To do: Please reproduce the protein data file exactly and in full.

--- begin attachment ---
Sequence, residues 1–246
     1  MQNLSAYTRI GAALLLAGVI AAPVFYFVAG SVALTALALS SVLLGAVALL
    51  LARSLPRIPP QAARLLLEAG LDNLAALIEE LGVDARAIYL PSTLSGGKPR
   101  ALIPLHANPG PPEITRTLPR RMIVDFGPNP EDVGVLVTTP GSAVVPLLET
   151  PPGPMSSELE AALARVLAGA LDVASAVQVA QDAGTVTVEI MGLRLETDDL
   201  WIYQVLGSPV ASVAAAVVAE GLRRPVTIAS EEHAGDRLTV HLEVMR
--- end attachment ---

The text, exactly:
Sequence, residues 1–246
     1  MQNLSAYTRI GAALLLAGVI AAPVFYFVAG SVALTALALS SVLLGAVALL
    51  LARSLPRIPP QAARLLLEAG LDNLAALIEE LGVDARAIYL PSTLSGGKPR
   101  ALIPLHANPG PPEITRTLPR RMIVDFGPNP EDVGVLVTTP GSAVVPLLET
   151  PPGPMSSELE AALARVLAGA LDVASAVQVA QDAGTVTVEI MGLRLETDDL
   201  WIYQVLGSPV ASVAAAVVAE GLRRPVTIAS EEHAGDRLTV HLEVMR